Grey Room

Making the “World Spectacle Trial”: Design as Forensic Practice at the Nuremberg Trials

Alejandra Azuero-Quijano

Justice Robert H. Jackson (standing) delivers opening statement at lectern designed by Dan Kiley, Nuremberg International Military Tribunal, November 21, 1945. Harvard Law School Library Nuremberg Trials Project (1945–1946). Image courtesy Harvard Law School Library, Historical and Special Collections.


The practice of designers was central to the American effort to establish Nazi war-waging, political persecution, and extermination as international crimes. While American prosecutors sought to demonstrate the political and bureaucratic organization that lay behind Nazi crimes, professionals working for the the Office of Strategic Services Presentation Branch (PB) drew from design practices developed within the U.S. intelligence apparatus for the institutionalization of global governance. From their efforts emerged a project of criminal punishment defined by the simultaneous mobilization of legal reasoning and design practices to create the normative, aesthetic, and spatial conditions for adjudicating Nazi crimes. This effort materialized into a new forum of judgment, one best described as a media environment. Within this forum, which sought to bring a whole political system and not just individuals into the fold of legal judgment, media technology enabled the presentation of forms of evidence unknown in the context of a criminal trial, particularly ones aimed at persuading judges as well as global audiences of the vast scale of German crimes.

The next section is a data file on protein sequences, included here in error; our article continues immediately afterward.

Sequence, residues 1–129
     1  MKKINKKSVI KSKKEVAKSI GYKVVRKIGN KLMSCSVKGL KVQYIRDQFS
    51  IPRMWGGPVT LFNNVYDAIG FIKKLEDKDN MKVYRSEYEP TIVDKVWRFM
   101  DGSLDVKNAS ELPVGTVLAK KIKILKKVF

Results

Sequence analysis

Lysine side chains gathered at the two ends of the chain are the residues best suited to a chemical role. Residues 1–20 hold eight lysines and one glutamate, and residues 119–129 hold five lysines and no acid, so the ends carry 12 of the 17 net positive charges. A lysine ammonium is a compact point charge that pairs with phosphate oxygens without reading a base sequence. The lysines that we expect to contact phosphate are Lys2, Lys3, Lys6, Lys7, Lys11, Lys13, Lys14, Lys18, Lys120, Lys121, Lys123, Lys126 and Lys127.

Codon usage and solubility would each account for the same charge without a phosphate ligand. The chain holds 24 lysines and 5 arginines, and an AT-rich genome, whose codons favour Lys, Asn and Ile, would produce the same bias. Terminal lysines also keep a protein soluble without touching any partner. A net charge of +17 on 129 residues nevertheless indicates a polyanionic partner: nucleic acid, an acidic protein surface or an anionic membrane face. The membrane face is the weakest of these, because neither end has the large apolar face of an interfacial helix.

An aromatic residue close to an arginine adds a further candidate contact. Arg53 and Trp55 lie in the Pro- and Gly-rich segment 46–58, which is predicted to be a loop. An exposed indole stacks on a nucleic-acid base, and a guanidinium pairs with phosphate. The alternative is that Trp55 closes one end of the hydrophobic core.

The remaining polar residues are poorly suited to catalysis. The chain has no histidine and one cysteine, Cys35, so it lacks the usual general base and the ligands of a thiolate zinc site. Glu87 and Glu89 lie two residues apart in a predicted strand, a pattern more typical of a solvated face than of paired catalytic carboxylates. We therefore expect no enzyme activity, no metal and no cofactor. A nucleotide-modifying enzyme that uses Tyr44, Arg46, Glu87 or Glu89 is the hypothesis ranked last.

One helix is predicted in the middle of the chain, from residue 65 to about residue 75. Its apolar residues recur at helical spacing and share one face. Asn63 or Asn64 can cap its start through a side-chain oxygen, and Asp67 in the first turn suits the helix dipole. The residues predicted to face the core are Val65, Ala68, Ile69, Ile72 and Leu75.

As this article shows, these media-centered forms of courtroom presentation constituted forensic practices in their own right. Against the nearly ubiquitous association of forensics with the figure of lawyers and forensic experts, PB designers marshaled the forensics of presentation—an ensemble of design techniques centered on the media-technological and aesthetic conditions of presenting evidence in the space of the courtroom, the modern forum from which forensics derives its name. Ultimately, by designing a courtroom that operated as a media environment, Kiley’s world spectacle trial explicitly mobilized architecture, graphic design, and media aesthetics as forensic strategies that were essential to demonstrating the rational, organized, and large-scale nature of Nazi war crimes as juridical facts.